FCA says regulation has limited impact on culture

FCA says regulation has limited impact on culture

The Financial Conduct Authority has said regulation can "only go so far" in improving culture across the financial services industry.

This morning (12 March) the regulator published a series of essays discussing culture in a bid to start a debate about how this can be improved.

The FCA said there were three themes which emerged from the essays and one of these was that more regulation was not necessarily the answer.

It said: "There is a recognition that regulation – at least in its current form – can only go so far in improving culture. Firms and other industry stakeholders have a vital role to play.

"This also raises constructive questions for the role of the regulator: how can we support organisations to learn from themselves and others, rather than simply comply? What are the practical implications of a system perspective on how we supervise firms?"

The FCA highlighted that in the decade since the financial crisis, there have been instances of rate-rigging, rogue trading and mis-selling despite record fines, increased investigations and a growing compliance industry.

As a solution to this, it highlighted cultural change across the financial services industry and cited the change in attitudes towards drink driving as an example, with the number of drink drive casualties in Great Britain falling by 73 per cent since 1979.

The FCA said the introduction of the senior managers regime, due to be expanded across the whole financial services industry in the near future, was "a start" but it said there was still "a way to go".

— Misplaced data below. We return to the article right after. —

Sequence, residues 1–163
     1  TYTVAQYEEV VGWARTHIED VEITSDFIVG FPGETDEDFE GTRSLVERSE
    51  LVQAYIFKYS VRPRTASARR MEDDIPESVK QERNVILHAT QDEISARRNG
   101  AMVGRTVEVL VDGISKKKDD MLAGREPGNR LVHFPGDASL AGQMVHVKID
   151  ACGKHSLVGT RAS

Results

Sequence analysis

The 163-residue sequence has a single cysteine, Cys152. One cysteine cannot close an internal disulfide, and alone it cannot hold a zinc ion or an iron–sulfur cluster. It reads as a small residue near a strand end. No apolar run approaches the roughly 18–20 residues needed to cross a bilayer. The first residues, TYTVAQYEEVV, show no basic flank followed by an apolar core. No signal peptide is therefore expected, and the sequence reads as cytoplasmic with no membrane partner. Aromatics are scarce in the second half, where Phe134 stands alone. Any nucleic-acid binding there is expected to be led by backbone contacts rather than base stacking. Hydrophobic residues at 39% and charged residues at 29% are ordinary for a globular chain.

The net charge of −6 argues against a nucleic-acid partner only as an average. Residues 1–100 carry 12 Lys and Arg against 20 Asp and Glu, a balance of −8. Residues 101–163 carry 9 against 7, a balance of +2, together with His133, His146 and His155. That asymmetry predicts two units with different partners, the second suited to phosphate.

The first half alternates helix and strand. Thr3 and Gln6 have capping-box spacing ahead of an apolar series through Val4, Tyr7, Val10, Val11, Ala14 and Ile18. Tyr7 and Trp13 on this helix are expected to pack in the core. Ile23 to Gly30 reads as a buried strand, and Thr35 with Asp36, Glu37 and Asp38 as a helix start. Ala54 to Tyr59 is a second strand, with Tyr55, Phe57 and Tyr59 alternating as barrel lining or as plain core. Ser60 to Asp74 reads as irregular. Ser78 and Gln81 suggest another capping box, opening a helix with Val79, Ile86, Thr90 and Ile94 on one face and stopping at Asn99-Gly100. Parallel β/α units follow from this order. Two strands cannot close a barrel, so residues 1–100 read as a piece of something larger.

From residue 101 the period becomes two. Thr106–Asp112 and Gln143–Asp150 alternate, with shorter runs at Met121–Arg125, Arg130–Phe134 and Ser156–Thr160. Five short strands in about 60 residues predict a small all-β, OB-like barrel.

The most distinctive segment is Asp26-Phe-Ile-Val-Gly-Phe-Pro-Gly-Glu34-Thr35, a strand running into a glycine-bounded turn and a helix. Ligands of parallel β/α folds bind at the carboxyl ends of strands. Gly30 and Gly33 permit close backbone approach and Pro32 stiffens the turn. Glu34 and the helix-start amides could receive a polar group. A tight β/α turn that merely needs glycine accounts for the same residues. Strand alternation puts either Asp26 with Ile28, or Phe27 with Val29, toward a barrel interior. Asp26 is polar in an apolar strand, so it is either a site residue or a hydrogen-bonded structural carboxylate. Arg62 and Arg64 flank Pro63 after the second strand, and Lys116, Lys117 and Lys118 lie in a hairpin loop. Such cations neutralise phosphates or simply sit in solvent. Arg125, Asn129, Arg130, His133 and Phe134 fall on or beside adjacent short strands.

Among the other themes which the FCA pulled out from the series of essays was the need for a shift from "linear thinking" to a "systems perspective".

The regulator said: "Whereas linear thinking diagnoses one cause to one effect, a systems perspective acknowledges the whole system around the individual and the interactions and inter-dependencies between each part in the system.

"The question is not whether to focus on the individual or the broader organisational system. It is about examining the influences surrounding the individual, be it peers, managers, leaders, incentives, goals etc, and how aligned these factors are."

The FCA has said the essays provided some actions which chief executives could take on the issue of culture, including "fostering environments of trust", "applying a systems perspective" and using behavioural science to guide incentives.

It has also encouraged those in the financial services industry to comment on the essays.